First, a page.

Reuterskiöld, Lena
    Stockholms universitet, Samhällsvetenskapliga fakulteten, Psykologiska institutionen, Klinisk psykologi.
    Öst, Lars-Göran
    Stockholms universitet, Samhällsvetenskapliga fakulteten, Psykologiska institutionen, Klinisk psykologi.
    The mediating role of changes in harm beliefs and coping efficacy in youth with specific phobias2017Inngår i: Behaviour Research and Therapy, ISSN 0005-7967, E-ISSN 1873-622X, Vol. 99, s. 131-137Artikkel i tidsskrift (Fagfellevurdert)
    Abstract [en]

    Individuals with specific phobias (SPs) often experience catastrophic cognitions and compromised efficacy regarding their ability to cope when in the presence of the phobic object/situation. In the current study, 165 children (7-16 years; 62% male) received either One Session Treatment or Educational Support Therapy for their SP. The children identified their feared belief and rated how bad it was, how likely it was to occur, and their ability to cope if it did occur. All of these ratings were reduced from pre-treatment to 6-month follow-up, across both treatment conditions. However, ratings of how bad and how likely reduced to a significantly greater degree for children who received OST. Greater change in each of the three beliefs predicted lower clinician severity ratings (CSRs) at post-treatment and 6-month follow-up. Additionally, changes in how bad and how likely the children rated their beliefs, and their reported ability to cope, partially mediated the relationship between treatment and post-treatment and follow-up CSRs. Overall, these findings suggest that although both treatment conditions produced changes in harm beliefs and coping efficacy, OST elicited greater changes and these changes may be important mechanisms in reduction of SP clinical severity.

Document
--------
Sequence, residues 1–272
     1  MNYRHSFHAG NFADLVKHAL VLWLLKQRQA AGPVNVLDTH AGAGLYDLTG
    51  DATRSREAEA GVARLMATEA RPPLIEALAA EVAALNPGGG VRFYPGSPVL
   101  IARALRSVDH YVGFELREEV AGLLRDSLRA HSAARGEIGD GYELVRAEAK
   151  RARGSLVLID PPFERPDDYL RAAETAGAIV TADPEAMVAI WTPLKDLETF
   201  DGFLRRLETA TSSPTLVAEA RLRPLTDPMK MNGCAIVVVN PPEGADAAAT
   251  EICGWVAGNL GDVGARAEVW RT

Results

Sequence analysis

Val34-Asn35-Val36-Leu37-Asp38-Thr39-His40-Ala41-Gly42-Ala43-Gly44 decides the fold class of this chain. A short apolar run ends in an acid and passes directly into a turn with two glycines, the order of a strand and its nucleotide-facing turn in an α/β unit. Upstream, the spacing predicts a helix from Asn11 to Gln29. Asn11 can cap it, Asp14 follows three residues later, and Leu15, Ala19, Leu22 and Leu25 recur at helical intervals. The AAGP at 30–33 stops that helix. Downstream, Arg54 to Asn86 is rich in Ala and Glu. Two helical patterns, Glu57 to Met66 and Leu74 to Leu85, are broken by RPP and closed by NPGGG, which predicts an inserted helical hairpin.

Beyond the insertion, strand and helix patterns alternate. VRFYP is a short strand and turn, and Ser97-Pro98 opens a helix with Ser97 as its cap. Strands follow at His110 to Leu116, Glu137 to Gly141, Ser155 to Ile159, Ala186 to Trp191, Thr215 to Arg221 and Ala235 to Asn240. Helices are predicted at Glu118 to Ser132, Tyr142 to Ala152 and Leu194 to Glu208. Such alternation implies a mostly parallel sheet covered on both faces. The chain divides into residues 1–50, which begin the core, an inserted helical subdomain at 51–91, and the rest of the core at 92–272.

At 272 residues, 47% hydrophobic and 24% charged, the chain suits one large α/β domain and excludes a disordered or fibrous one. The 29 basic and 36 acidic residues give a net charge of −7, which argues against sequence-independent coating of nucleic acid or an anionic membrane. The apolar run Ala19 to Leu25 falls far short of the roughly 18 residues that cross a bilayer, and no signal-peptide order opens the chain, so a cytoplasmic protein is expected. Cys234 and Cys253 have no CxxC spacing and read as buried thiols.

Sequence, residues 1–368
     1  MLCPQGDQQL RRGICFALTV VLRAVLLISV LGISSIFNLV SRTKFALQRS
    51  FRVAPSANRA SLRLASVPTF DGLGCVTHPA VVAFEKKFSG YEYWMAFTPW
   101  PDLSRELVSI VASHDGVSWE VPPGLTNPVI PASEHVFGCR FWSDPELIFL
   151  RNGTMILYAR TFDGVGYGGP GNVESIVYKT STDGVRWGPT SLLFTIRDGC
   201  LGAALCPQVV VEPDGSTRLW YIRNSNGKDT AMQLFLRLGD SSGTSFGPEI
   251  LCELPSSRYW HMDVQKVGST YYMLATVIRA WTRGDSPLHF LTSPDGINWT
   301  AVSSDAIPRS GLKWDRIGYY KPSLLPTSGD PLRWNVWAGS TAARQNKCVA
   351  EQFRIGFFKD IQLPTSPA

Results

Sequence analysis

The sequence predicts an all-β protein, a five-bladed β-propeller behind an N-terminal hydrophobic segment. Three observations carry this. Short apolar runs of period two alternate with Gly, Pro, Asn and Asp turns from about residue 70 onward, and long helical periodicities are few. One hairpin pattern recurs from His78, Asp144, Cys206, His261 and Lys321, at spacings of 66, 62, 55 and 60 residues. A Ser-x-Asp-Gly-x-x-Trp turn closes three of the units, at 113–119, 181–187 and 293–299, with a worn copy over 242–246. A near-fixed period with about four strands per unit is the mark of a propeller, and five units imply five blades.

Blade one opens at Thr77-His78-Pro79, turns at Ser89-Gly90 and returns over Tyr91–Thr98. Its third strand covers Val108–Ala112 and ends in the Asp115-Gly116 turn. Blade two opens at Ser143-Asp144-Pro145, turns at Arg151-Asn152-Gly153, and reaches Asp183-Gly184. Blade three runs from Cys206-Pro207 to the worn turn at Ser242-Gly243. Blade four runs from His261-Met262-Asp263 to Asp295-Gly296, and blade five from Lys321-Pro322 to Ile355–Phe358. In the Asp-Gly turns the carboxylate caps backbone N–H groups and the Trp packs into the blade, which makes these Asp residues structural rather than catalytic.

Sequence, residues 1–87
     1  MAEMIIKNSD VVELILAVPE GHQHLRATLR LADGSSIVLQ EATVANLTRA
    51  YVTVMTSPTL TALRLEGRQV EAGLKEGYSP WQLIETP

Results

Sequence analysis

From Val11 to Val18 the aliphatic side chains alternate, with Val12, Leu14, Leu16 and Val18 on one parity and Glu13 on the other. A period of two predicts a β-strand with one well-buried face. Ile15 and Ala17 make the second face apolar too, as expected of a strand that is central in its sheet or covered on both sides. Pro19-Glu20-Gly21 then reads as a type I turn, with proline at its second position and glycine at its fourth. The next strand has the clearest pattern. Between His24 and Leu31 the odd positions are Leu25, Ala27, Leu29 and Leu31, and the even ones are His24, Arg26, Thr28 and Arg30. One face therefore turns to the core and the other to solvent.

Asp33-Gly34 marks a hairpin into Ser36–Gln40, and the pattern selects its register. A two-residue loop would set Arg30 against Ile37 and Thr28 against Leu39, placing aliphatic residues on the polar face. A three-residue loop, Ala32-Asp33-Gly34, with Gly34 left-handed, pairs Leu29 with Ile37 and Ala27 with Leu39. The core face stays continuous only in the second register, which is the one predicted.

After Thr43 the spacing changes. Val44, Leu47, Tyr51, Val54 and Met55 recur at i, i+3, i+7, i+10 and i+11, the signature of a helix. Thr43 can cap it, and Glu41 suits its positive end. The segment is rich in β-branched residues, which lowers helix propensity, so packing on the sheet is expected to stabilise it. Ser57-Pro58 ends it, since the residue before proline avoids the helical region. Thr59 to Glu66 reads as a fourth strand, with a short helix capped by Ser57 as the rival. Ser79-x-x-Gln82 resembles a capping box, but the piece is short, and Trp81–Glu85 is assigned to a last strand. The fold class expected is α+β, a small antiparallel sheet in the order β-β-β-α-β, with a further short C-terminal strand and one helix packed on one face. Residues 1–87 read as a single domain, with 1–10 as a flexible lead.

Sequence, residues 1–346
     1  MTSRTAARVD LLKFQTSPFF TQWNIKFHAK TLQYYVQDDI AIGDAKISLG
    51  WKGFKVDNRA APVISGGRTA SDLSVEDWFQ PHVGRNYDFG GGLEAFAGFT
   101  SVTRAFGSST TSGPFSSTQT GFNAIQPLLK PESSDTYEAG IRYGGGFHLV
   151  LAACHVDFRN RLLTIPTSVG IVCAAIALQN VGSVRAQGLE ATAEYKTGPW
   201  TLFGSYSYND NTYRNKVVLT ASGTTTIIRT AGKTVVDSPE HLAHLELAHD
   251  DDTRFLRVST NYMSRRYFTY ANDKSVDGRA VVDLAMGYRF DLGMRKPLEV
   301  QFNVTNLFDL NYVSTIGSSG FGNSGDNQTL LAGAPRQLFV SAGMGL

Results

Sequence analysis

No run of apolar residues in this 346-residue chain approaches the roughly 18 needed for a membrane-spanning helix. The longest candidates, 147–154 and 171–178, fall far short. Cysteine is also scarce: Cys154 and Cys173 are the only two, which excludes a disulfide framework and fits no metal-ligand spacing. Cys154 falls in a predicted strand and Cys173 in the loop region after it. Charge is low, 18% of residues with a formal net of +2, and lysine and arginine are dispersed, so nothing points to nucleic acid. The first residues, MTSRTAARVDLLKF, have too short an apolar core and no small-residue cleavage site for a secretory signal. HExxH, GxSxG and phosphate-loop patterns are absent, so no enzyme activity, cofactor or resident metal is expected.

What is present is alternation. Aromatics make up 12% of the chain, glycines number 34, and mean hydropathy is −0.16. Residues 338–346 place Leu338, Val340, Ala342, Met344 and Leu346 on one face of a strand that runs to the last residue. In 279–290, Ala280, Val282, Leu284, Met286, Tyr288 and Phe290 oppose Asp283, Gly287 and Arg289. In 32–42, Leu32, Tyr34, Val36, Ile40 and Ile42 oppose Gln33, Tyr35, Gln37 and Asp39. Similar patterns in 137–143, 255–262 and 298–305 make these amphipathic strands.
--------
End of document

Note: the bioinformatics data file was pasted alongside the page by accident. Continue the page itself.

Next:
• 135. Ollendick, Thomas H.
    et al.
    Öst, Lars-Göran
    Stockholms universitet, Samhällsvetenskapliga fakulteten, Psykologiska institutionen, Klinisk psykologi.
    Ryan, Sarah M.
    Capriola, Nicole N.
    Reuterskiöld, Lena
    Stockholms universitet, Samhällsvetenskapliga fakulteten, Psykologiska institutionen, Klinisk psykologi.
    Harm beliefs and coping expectancies in youth with specific phobias2017Inngår i: Behaviour Research and Therapy, ISSN 0005-7967, E-ISSN 1873-622X, Vol. 91, s. 51-57Artikkel i tidsskrift (Fagfellevurdert)
    Abstract [en]

    Catastrophic beliefs and lowered coping expectancies are often present in individuals with specific phobias (SPs). The current study examined these beliefs and expectancies in 251 youth who received One Session Treatment for one of the three most common types of SP in youth (animals, natural environment, and situational). We compared the children's subjective beliefs to objective ratings of the likelihood of occurrence and the dangerousness of the feared events. Results revealed pre-treatment differences in the youths' beliefs across phobia types and age. Specifically, children with animal phobias rated their beliefs as more likely to occur than did children with environmental and situational phobias. In addition, older children rated their beliefs as more dangerous than younger children. However, regardless of phobia type or child age, the beliefs improved following treatment. Changes in catastrophic beliefs and coping expectancies were related to changes in clinical severity following treatment but not 6-months following treatment. Moreover, at pre-treatment, children viewed their beliefs as significantly more catastrophic and likely to occur than did independent coders of these beliefs; however, these differences were no longer evident following treatment. Clinical implications are discussed, highlighting how changes in beliefs and expectancies might be associated with treatment outcomes.